62.21        The Chair invited the applicant’s agent to address the Committee.  The applicant’s agent advised that Gloucester Business Park was a successful employment destination in a high quality location, acting as a driver for employment opportunities and economic benefit to the area.  The reserved matters application for these plots was part of the final pieces of the jigsaw to complete the Business Park and provided a high level of alternative retail and leisure uses which were complementary to the existing and planned employment uses which benefited the wider community.  They considered the proposed employment uses were the right ones and in the right location for Tewkesbury Borough and Gloucestershire.  They had listened to residents and stakeholders throughout the development process and had provided a comprehensive range of surveys to support the planning application. Those surveys had confirmed the proposed development was compatible with the location and resulted in no demonstrable impact upon neighbours.  The buildings had been designed to complement the existing buildings within the park and provided a transition between the employment and residential area.  They were of a scale and height that was suited and attractive to a modern occupier, making an efficient use of land.  The relationship between the proposed buildings and the adjacent residential area had been a key consideration throughout the design process.  Sustainability at the Business Park was important for the applicant and the proposed buildings had all been designed to achieved BREEAM Excellent demonstrating a commitment to delivering high quality sustainable buildings.  They had consulted widely with the community and stakeholders prior to the application being submitted and one of the key asks from the community was improved transport links.  They had engaged with Stagecoach and, shortly after, a new and improved bus service to the Business Park had been introduced with the intention it would help reduce individual car journeys.  They had been made aware there were local concerns regarding traffic, in particular HGVs leaving the Business Park via Lobleys Drive.  Whilst no objection had been raised by County Highways, the applicant had noted the importance of resolving the HGV issue and, as a priority, additional signage had been put up at key locations to direct HGV drivers as soon as they left service yards to exit the Business Park via Hurricane Road or Pioneer Avenue and that would also be applied for the new development plots.  To reiterate, the applicant’s agent advised that the development of these final employment plots would contribute to the economic growth of the area and was considered to be the right use in the right location.  The applicant had listened to the community and stakeholders as they developed the final employment plots and continued to manage the success of the Business Park.  As a final point, it was important to note that the proposed development was deliverable and the applicant was already in advanced discussions with potential occupiers and ready to begin delivering further jobs for Tewkesbury Borough and Gloucestershire.

62.22        The Chair indicated that the Officer recommendation was to delegate authority to the Associate Director: Planning to approve the application, subject to no adverse observations from County Highways and the Land Drainage Officer and any additional or amended conditions, and he sought a motion from the floor.  A Member drew attention to Page No. 82, Paragraph 8.5 of the Committee report which set out that Policy EMP5 of the Tewkesbury Borough Plan stated that development must respect the character, scale and proportion of the proposal and the surrounding development’s character and she asked whether the proposal met that requirement in terms of the opposite side of the road which was residential.  In response, the Principal Planner confirmed that the buildings were slightly smaller than the existing buildings on the Business Park and there was a landscape buffer which acted as a transition between the existing warehouse employment use and residential dwellings.  Another Member expressed the view that it was a shame the site could not be used for housing but he understood the reasons why not.  He asked if it was possible to apply a condition to reflect the findings of the external lighting report, as set out at Page No. 85, Paragraph 8.25 of the Committee report, in order to address residential amenity concerns and ensure nighttime pollution was kept to an absolute minimum.  In response, the Principle Planner confirmed there was a condition proposed in relation to ecology and biodiversity but there was no reason why an additional condition could not be added in relation to the lighting being switched off at nighttime.  In response to a query, Members were informed the distance between the warehouses and residential properties was approximately 40m.  A Member asked if the proposal would include secure cycle storage with facilities for cyclists to shower and the County Highways representative advised that County Highways had requested additional conditions, which had not reached the Officer prior to the meeting, which required secure cycle storage and staff shower facilities.  A travel plan had been approved for the overall site as part of the outline application and a further condition was suggested asking for details.  Whilst electric vehicle charging points were shown on the plans, County Highways had also requested a further condition requiring up to 10% of the total provision to be electric vehicle charging points.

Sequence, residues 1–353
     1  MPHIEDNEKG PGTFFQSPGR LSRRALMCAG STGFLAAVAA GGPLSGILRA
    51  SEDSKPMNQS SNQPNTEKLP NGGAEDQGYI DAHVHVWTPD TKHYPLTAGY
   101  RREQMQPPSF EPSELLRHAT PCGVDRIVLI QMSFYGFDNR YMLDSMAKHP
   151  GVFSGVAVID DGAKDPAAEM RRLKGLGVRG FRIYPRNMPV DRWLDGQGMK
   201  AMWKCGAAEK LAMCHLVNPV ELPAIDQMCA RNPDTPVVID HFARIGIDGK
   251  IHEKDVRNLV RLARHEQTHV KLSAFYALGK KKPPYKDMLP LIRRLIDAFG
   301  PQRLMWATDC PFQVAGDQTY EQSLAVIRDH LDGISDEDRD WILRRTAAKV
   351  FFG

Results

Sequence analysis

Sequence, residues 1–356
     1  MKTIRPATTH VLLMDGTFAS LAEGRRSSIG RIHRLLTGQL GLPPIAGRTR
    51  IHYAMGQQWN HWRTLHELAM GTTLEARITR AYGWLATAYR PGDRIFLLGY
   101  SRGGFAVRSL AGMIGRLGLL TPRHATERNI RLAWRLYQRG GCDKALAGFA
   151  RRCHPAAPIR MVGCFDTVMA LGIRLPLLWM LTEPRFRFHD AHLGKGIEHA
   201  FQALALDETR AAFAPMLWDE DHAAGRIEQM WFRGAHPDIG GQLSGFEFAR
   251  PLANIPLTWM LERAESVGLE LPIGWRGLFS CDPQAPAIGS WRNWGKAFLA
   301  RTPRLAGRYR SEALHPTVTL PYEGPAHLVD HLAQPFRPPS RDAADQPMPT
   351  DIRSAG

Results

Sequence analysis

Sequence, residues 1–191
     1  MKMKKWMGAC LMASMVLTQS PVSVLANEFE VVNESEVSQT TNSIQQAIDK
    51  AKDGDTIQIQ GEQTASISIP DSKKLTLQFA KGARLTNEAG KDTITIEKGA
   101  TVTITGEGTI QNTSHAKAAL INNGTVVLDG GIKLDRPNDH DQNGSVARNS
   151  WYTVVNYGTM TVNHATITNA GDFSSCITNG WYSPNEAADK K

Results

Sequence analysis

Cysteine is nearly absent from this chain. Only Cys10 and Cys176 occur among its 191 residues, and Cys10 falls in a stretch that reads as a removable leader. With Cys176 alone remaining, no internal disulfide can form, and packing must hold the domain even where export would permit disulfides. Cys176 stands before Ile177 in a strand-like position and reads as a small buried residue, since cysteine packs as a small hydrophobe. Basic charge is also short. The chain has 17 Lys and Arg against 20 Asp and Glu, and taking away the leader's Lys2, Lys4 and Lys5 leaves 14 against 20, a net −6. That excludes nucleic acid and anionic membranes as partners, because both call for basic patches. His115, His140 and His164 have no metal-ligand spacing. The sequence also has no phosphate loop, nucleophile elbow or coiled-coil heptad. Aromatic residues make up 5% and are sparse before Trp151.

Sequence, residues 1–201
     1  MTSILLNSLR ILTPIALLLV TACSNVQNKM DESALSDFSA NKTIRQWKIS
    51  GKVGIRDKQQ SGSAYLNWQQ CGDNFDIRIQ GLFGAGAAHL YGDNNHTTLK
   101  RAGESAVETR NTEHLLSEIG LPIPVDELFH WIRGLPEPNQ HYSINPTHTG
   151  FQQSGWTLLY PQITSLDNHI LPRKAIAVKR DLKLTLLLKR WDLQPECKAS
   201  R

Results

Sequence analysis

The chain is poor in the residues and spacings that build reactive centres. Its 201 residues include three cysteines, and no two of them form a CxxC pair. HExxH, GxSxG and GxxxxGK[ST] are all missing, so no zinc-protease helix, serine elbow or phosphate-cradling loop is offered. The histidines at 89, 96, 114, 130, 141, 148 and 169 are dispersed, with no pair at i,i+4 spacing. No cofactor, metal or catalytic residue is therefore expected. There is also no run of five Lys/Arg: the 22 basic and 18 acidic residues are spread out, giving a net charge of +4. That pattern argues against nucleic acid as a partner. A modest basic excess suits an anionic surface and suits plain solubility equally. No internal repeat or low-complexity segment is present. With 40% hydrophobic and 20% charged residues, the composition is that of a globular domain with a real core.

62.23        A Member expressed the view that it was difficult to visualise the buildings in the context of the existing Business Park and therefore the impact it would have on neighbouring residents.  Another Member indicated that she was very concerned about the height of the units.  The Development Management Team Manager (South) advised that Officers were satisfied that the development would have an acceptable impact in terms of its scale and relationship to nearby dwellings.  It was proposed and seconded that the application be deferred for a Planning Committee Site Visit to assess to size and scale of the proposal and the impact on residential amenity.  The proposer of the motion acknowledged that a site visit could have been requested prior to the meeting but she continued to have concerns about the size and scale and felt it was important to take a look at the site to put this into perspective.  A Member asked if it was possible to negotiate a reduction in the height of the units and the Development Management Team Manager (South) advised that he suspected these modern industrial units needed to be a particular size to accommodate machinery but he could ask the question of the applicant.  Another Member indicated that he would support a site visit as, although the size may be in line with the norm for industrial units, it was their proximity to housing which was the concern in this case.  Whilst he understood the reasons for requesting a site visit, another Member indicated that he did not believe he had heard anything new today which had not been set out in the Committee report.

62.24        Upon being put to the vote, it was

RESOLVED           That the application be DEFERRED for a Planning Committee Site Visit to assess the size and scale of the proposal and the impact on residential amenity.